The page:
‘Baloney Prospects’

baloney-meterIn sales you will undoubtedly run into your fair share of prospects that are ‘full of baloney‘. Your prospect seemed so interested in your product at first, but something happened. Following lengthy sales calls and product demonstrations, your prospect fades into the abyss and disappears. Your emails aren’t answered. Your phone calls aren’t returned. When you do finally catch up with your prospect on the phone they seem distant, and can’t give you a decision. Turns out your prospect was full of ‘baloney’ all along.
The telltale signs of ‘baloney prospects‘ should be obvious, but because you want the sale badly you frequently overlook the obvious.
From the very first contact you have with any prospect there should be three distinct things on your checklist of qualifiers: 1) Does your prospect have a problem they are committed to solving? 2) Does your prospect have the ability to make a decision. 3) And most importantly, does your prospect have the money to pay for the product, or have a reasonable means to getting the money to pay for your product?
Often times, given your NEED for the sale, you forget to ask on purpose the critical questions that really determine whether you have a valid prospect, or one that is just ‘full of baloney’.
Doesn’t it bother you to go through all the effort with product demos, sending literature, following up, sending proposals, and providing references to ultimately find out after the fact that your prospect is ‘full of baloney’? If it doesn’t it ought to…
To avoid being frustrated by ‘baloney prospects’, you’ve got to have your wits about you when you make the cold call. STOP selling and START asking! If you don’t ask you don’t get.
The second thing you need to think about with ‘baloney prospects‘ is the need for personal objectivity. You need to come to terms with the fact that some sales are just not meant to be, and it’s far better to find that out sooner rather than later. If you can’t take a “NO” you’ll never get to “YES”.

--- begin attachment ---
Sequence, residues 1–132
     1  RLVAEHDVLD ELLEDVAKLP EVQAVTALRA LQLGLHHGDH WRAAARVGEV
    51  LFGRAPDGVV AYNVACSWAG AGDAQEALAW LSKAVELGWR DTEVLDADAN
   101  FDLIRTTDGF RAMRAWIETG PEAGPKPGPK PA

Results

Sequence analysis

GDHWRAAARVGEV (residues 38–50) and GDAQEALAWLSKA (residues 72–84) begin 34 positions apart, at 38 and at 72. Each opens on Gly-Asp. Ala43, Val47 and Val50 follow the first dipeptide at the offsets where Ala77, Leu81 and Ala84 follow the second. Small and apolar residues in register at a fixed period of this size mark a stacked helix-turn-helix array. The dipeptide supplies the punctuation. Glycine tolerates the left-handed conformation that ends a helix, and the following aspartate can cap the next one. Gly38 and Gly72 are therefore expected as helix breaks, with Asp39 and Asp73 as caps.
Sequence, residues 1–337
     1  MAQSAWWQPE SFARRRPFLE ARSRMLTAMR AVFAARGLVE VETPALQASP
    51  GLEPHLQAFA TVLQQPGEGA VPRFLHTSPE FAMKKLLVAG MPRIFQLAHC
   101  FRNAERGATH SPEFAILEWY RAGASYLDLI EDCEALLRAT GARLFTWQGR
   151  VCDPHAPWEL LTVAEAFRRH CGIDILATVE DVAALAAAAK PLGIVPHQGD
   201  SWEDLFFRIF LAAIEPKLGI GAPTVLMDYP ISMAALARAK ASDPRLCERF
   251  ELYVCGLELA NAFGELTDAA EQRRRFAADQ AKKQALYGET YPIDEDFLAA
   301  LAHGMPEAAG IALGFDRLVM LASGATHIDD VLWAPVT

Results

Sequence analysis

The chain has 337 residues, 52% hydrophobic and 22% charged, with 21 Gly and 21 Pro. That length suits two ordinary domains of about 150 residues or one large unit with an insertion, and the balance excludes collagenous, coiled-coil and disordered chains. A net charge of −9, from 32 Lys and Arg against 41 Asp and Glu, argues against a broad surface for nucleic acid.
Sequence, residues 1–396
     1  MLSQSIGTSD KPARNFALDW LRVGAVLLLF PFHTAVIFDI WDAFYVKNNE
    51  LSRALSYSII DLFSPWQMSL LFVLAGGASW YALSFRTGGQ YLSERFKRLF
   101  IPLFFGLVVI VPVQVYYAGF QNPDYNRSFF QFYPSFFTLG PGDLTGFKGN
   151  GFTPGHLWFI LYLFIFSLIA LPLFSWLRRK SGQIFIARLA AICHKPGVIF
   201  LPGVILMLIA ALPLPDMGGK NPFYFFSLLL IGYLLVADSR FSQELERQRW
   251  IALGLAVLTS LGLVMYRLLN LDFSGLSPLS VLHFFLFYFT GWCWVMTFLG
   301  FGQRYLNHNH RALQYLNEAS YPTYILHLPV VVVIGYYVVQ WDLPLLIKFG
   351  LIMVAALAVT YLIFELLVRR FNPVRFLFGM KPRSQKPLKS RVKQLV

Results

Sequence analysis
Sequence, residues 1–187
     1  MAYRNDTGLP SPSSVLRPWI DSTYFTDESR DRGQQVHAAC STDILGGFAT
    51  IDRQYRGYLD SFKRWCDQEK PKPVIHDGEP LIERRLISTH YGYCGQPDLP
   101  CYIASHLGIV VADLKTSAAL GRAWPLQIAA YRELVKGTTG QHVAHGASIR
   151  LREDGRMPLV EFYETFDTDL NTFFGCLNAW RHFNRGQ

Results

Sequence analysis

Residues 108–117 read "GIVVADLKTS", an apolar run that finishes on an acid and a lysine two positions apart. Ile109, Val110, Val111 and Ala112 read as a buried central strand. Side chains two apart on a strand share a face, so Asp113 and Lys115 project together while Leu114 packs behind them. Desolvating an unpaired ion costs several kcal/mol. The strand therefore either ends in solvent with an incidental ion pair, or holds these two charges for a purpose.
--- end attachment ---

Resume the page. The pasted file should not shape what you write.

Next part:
So, instead of taking your prospect’s interest at face value and thinking it’s for real, try looking for the things that might be missing from the discourse you had on the phone with your prospects. For example, is your prospect willing to see a demo, but can’t give you an answer as to what it would take to do business? Is your prospect fixated on how much your product costs? Does your prospect ask for client references, or sales literature before they’ll agree to meet with you? These are all RED FLAGS that need to be dealt with up front. Skipping over the finer details is only going to cost you needless frustration later on.
Baloney prospects‘ are difficult to deal with because they camouflage themselves well. They know the buyer-seller ‘system’, and know that an overly eager salesperson will not ask the key questions that qualify their ability to purchase anything. ‘Baloney prospects‘ are hoping that you never ask them a direct question about the problem, or their ability to pay. That way they get to stay in control of the sales call, and lead you around by the nose until they tire of the game, and move on to something else. Game over!


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